The 700 Club with Pat Robertson

Frank Peretti
Photo by QuickSilver Portrait
Featured Books

Monster (Westbow Press, 2005)

House (Westbow Press, 2006)


Frank Peretti: The Man and the 'Monster'

By Tim Branson
The 700 Club Welcome to the world of Frank Peretti. A place where the imagination conjurs up images of angels, demons, and monsters. Frank has always been a storyteller. He used his mother’s old typewriter to write about ... well, monsters.

“Frankenstein, Dracula, The Phantom of the Opera, the Mummy… I wrote stories about monsters,” he tells The 700 Club.

So where did this fascination with monsters come from? Believe it or not, it started with his birth.

“It turned out I had cystic hygroma, which is a malformation of the lymphatic system,” he explains. “But the cystic hygroma spread into my tongue. So my tongue became a tumor in and of itself. It was big -- stuck out far. It was black and bleeding. It was very hideous. They trimmed it back a lot, but it still protruded from my mouth. I learned how to talk with my tongue outside my mouth.”

At home, he was treated like everyone else, but then he went to school…

“That changed everything,” he says. “I found myself suddenly thrust into a culture that for some reason felt some moral obligation [laughs] to make sure I knew I was different, that I was ugly, that I didn’t fit, that I was awful to look at, that I talked funny.”

Frank endured years of physical and verbal bullying. School was more a place of torture than of learning.

“I became very timid, very retreating,” he says. “I wouldn’t talk to anybody. I didn’t look you in the eye. I just had that kind of personality as a kid that basically puts a target on you. ‘This is the kid to pick on.’”

Did Frank ever want revenge? He says yes but his small stature was just one of the reasons why he couldn’t act on his thoughts.

“First of all, I was a good Christian kid,” he says. “My mom and dad taught me never to fight. So I never fought. The other kids picked that up right away. They said, ‘Oh, he’s not going to try to do anything.’ They’d push me, shove me, hit me. I’d just stand there and take it.”

With one final surgery, Frank’s tongue no longer protruded from his mouth. But that didn’t stop the bullying. Frank’s only escape was through his imagination…

“I really got into monsters, because monsters could control their situation. They were ugly; they were outcast. I could identify with that, because I felt like I was a monster too. I wished I could be a monster -- walk around and terrorize somebody for a change instead of them terrorizing me.”

Frank eventually spoke up. A school counselor helped him find places he fit in.

“…Changed my class schedule, got me out of gym class, got me into drama class! Now, was that a pivotal point in my life or what? I suddenly found out I’m not the only weird kid in this school,” he says. “I began to realize there were things that I was good at, things I could do.”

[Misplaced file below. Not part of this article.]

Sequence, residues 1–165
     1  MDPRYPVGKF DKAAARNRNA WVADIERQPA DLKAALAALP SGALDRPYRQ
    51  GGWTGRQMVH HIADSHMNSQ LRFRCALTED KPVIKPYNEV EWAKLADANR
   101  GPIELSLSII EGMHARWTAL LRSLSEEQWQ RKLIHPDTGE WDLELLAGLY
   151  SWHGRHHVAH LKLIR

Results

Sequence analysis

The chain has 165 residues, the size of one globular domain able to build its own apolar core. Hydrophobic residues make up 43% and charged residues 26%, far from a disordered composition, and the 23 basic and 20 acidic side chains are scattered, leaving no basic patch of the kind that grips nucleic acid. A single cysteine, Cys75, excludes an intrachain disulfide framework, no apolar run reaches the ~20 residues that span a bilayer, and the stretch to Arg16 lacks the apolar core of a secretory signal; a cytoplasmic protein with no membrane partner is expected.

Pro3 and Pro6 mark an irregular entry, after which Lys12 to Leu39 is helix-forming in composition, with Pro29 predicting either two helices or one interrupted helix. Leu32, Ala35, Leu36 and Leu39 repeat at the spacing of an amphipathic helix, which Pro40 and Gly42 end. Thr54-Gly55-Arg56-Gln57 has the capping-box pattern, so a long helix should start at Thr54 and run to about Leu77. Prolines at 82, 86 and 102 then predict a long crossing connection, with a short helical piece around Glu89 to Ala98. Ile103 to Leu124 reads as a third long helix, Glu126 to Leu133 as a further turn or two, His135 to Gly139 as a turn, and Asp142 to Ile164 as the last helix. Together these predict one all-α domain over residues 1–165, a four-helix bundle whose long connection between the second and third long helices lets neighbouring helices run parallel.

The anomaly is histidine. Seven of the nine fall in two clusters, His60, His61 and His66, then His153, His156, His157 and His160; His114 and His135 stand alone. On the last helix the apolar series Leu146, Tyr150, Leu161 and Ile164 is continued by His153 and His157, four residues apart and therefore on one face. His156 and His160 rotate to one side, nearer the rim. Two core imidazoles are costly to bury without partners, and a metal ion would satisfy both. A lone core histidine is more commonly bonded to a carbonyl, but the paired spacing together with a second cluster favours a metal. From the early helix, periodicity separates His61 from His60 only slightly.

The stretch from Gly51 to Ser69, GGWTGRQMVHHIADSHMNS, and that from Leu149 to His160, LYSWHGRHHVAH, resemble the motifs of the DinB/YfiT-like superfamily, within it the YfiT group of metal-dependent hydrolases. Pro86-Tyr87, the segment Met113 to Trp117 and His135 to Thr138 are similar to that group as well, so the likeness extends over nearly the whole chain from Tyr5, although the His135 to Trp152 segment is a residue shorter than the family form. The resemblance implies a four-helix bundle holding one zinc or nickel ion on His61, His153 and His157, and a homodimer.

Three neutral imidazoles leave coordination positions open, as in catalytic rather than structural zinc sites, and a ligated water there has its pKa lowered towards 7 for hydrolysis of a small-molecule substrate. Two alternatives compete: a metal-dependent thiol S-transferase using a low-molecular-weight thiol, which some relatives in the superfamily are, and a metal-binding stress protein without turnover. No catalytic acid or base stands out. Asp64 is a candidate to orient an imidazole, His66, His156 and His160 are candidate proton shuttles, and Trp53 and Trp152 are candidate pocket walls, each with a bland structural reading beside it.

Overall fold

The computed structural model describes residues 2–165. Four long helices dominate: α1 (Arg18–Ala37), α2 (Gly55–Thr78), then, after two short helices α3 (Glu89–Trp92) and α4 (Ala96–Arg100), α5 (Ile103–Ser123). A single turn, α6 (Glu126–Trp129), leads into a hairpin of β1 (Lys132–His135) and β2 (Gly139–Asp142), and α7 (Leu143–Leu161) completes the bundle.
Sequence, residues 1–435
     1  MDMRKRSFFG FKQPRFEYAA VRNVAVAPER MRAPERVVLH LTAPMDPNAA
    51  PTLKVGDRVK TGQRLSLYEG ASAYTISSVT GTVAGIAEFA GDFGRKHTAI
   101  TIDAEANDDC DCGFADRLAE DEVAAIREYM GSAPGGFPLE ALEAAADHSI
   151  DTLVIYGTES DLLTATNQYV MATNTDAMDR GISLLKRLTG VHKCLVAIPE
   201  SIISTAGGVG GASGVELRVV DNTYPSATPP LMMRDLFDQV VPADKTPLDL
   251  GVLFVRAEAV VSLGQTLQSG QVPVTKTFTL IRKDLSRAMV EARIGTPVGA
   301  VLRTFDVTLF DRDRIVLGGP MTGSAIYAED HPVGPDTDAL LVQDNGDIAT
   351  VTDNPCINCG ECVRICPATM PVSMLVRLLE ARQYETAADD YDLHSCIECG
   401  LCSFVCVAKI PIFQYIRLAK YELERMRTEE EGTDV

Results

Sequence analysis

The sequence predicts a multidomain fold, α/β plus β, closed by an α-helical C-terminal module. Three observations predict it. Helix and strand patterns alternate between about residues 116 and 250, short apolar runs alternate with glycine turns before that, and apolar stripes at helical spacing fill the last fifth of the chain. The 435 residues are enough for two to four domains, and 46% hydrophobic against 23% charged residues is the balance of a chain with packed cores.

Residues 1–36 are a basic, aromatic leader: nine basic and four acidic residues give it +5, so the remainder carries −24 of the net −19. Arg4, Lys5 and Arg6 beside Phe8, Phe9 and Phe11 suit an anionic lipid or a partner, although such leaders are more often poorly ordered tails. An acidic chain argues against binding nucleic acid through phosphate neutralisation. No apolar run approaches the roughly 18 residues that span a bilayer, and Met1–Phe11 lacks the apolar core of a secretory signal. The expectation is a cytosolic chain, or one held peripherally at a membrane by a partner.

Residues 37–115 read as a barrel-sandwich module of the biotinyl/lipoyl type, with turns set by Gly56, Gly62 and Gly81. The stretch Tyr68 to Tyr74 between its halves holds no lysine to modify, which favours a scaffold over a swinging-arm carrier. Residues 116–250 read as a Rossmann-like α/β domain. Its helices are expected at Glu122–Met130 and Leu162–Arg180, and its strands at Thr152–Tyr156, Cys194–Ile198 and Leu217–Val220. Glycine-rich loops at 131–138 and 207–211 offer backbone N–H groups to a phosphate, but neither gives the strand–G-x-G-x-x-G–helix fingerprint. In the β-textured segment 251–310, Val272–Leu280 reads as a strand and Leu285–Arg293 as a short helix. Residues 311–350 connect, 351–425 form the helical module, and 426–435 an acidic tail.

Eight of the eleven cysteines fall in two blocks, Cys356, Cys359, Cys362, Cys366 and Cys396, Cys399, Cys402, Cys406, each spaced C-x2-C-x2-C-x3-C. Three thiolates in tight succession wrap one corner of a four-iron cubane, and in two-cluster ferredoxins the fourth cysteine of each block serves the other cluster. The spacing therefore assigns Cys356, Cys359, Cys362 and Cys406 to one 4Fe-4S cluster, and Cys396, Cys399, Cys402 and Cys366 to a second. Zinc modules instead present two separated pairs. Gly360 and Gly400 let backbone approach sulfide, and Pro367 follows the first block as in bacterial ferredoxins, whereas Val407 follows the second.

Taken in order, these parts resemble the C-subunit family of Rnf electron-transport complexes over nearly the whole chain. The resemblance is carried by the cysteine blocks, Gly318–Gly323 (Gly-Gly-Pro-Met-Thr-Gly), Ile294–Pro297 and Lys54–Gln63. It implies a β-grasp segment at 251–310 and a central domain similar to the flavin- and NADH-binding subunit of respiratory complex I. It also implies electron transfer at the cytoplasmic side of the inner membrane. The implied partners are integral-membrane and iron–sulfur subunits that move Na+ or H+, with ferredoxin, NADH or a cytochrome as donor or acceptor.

After high school, Frank tried being a musician; he went to college; he tried being a carpenter; he worked in a ski factory; he even became a pastor. It wasn’t until he was 34 years old until he realized his dream of becoming a writer.

“I was kinda writing part-time and struggling at it. Then This Present Darkness became a vision,” he says. “It became a calling. It was the one thing I wanted to do before I died, whether it was ever published or not. I had to get that book written, and there were times of terrible depression, poverty, and struggle.

“I would cry out to the Lord, 'Am I on the right track?' I just kinda felt the Lord saying, ‘Write the book. Just write the book.’ So it took me five years.”

This Present Darkness became an international best seller. He went into writing full-time and wrote a string of bestselling novels. But his most personal book is not a work of fiction. Frank never dealt with the pain from his childhood – until he wrote a book called No More Bullies.

“I wrote the book, and I just bawled,” he says. “I just cried all the way through, but I had to. I had to have that moment, that catharsis, where the old stuff finally came out, and I could really deal with it.”

The book not only helped Frank, it’s moved countless others towards personal healing.

“The Lord said, ‘Frank, I want you to be a builder. I want you to build the body of Christ. Build them up, give them what they need to live their lives. Give them what they need to face these other things that they’re confronting.’”

Frank’s latest novel takes a shot at evolution. Ironically it’s called Monster.

“You’re stomping around out in the woods, and there arethese things out there that are chasing you -- cool suspenseful stuff going on,” he says. “But in the course of this page-turning kind of a story, there is a message there that evolution isn’t all it’s cracked up to be.”

Frank and his wife Barb like to keep things simple at their home in Coeur D’Alene, Idaho. He says it keeps him focused on what we all should remember.

He says, “The Lord God carries us throughout our lives just as a father carries his child. The Lord carried me, and He still is. He made you. He knows what you’re good at. He knows what you can do and what you can become. Trust Him. Love Him. He’ll always love you back.”

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